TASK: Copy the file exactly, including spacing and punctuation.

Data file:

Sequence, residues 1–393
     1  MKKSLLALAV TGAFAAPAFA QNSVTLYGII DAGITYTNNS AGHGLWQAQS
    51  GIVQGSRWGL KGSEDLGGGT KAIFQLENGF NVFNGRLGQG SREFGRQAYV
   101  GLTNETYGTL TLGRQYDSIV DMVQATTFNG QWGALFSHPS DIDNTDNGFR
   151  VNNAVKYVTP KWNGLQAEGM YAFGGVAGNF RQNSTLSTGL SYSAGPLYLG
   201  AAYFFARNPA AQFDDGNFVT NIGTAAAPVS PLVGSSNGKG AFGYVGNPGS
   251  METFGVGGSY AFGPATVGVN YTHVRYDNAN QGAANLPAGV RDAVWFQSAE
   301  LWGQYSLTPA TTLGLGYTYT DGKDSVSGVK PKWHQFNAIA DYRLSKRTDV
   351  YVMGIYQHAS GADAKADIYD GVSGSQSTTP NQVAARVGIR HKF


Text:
Sequence, residues 1–393
     1  MKKSLLALAV TGAFAAPAFA QNSVTLYGII DAGITYTNNS AGHGLWQAQS
    51  GIVQGSRWGL KGSEDLGGGT KAIFQLENGF NVFNGRLGQG SREFGRQAYV
   101  GLTNETYGTL TLGRQYDSIV DMVQATTFNG QWGALFSHPS DIDNTDNGFR
   151  VNNAVKYVTP KWNGLQAEGM YAFGGVAGNF RQNSTLSTGL SYSAGPLYLG
   201  AAYFFARNPA AQFDDGNFVT NIGTAAAPVS PLVGSSNGKG AFGYVGNPGS
   251  METFGVGGSY AFGPATVGVN YTHVRYDNAN QGAANLPAGV RDAVWFQSAE
   301  LWGQYSLTPA TTLGLGYTYT DGKDSVSGVK PKWHQFNAIA DYRLSKRTDV
   351  YVMGIYQHAS GADAKADIYD GVSGSQSTTP NQVAARVGIR HKF